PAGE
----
Wilmington Morning News - March 13, 1980
Klein, Yawkey voted into ‘Hall’
By Will Grimsley, AP Special Correspondent
TAMPA, Fla. – Charles "Chuck" Klein, a slugging outfielder, and Tom Yawkey, whose millions of dollars converted the Boston Red Sox into an American League pennant contender, were named posthumously yesterday to baseball's Hall of Fame.
Chosen by an 18-man Veterans Committee, they will be inducted into the shrine at Cooperstown, N.Y., Aug. 3 along with Duke Snider and Al Kaline, earlier chosen by the Baseball Writers Association of America.
The Veterans Committee provides a second chance for those personalities who are not honored by the writers.
Players become eligible for the Hall of Fame five years after retirement and remain eligible for selection by the writers for 20 years afterward.
The vote was a tremendous disappointment for Johnny Mize, four-time home run king in the National League, who had been ignored by the writers.
Mize compiled a .312 average and hit 359 home runs in his career with the St. Louis Cardinals, New York Giants and New York Yankees from 1936 through 1953. He had been favored for selection by the Veterans Committee. He was the third finisher in the voting, which is restricted to the picking of two men.
The 6-foot, 185-pound Klein was one of the game's most powerful hitters from 1928 through 1944. In his first six seasons, he averaged between .337 and .386, hitting between 28 and 43 home runs ana driving in 121 to 170 runs.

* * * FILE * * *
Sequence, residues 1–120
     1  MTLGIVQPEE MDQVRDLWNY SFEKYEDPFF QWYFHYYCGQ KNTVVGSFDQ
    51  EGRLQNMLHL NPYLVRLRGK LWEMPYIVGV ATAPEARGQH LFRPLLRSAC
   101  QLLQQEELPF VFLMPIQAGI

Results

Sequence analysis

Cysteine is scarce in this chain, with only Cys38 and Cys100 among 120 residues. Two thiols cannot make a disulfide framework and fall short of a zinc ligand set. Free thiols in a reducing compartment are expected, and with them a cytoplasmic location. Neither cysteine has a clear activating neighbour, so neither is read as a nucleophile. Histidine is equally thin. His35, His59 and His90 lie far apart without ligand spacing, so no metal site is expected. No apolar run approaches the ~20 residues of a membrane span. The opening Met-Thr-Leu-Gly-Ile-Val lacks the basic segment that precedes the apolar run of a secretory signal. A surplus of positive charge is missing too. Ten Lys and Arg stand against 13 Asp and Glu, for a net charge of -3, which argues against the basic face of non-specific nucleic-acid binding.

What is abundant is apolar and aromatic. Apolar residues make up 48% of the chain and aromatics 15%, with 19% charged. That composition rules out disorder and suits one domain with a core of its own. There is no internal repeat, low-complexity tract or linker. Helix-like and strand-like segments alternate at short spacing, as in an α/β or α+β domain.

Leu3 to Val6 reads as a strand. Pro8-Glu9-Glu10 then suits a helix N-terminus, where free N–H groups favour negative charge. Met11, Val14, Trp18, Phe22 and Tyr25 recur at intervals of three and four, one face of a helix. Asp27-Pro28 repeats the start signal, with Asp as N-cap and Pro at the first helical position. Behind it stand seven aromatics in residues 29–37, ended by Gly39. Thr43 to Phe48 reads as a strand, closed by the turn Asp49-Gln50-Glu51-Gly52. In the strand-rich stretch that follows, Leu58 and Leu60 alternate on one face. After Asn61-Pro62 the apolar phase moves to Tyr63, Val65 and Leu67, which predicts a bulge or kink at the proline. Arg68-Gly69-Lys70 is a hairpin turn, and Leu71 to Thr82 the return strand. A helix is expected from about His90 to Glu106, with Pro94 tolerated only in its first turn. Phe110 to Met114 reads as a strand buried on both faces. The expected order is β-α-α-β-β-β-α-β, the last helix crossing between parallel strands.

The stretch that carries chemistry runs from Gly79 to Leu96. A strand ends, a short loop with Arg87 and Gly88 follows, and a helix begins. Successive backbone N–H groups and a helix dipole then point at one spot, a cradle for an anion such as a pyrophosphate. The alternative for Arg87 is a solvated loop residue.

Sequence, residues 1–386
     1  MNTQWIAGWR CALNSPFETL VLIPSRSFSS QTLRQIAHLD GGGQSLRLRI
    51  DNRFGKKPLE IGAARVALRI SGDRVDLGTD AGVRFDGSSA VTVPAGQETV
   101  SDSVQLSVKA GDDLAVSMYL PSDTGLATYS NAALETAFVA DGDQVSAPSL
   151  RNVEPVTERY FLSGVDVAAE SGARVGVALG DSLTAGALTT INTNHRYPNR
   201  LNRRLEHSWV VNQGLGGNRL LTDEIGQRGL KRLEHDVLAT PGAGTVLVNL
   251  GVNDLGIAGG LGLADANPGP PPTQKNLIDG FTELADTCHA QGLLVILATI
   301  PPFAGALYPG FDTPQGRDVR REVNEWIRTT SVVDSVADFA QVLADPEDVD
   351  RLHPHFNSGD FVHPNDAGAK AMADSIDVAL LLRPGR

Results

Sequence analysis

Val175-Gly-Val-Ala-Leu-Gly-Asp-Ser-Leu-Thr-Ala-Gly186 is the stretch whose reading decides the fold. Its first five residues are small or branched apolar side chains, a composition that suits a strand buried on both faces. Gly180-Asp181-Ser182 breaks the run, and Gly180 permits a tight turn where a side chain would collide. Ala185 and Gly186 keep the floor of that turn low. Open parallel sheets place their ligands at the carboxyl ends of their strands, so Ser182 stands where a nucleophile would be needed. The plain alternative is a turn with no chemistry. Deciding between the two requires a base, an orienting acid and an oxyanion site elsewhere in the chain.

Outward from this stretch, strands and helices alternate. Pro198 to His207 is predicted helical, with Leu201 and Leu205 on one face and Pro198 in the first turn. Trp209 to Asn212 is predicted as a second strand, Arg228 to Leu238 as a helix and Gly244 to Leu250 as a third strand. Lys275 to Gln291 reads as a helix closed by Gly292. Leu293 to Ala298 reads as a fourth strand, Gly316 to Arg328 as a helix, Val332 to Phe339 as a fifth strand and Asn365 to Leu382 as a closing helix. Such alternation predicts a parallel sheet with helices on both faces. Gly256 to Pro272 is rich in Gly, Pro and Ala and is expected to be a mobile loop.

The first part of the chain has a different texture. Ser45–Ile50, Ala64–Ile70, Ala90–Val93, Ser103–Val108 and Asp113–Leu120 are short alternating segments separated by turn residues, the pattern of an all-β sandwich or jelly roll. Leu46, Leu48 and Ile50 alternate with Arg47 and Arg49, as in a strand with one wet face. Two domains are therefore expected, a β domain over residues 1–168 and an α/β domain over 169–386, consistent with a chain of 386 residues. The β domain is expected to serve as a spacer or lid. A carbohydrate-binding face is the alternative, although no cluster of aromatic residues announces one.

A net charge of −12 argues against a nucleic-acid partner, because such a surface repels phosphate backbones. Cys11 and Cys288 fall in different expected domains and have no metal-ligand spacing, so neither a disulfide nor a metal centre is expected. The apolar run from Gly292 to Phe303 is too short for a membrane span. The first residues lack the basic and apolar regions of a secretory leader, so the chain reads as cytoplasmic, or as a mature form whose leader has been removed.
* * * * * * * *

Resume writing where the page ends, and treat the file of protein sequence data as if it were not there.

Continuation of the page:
Klein spent his 17-year career in the National League with the Philadelphia Phillies, Chicago Cubs and Pittsburgh Pirates.
He drove in 170 runs In 1930, yet finished second to Hack Wilson, who batted in 190. Klein won the Triple Crown with the Phillies in 1933, one year after he had been named the league's Most Valuable Player. He led or tied for the lead in home runs in 1929-31-32, in RBIs in 1931, runs scored in 1930-31-32 and hits in 1932-33.
In 1930, one of his greatest years, he went hitless in only 21 of the 156 games he played.
Klein grew up in Indianapolis where he was an all-around nigh school athete and once worked in the steel mills before he gained attention as a baseball player. He died March 28, 1958 at the age of 54.
Yawkey, as a youth, inherited the Detroit baseball franchise but was never allowed to run it. After graduating from Yale, where he was a third-string tackle in football, he went into the family lumber and mining business, becoming a millionaire.
In February, 1933, four days after his 30th birthday, he bought the Red Sox, Including all debts, for $1 million. Then he preceded to spend millions in rebuilding Fenway Park and acquiring talent to move the club out of the cellar, where it had finished nine consecutive years.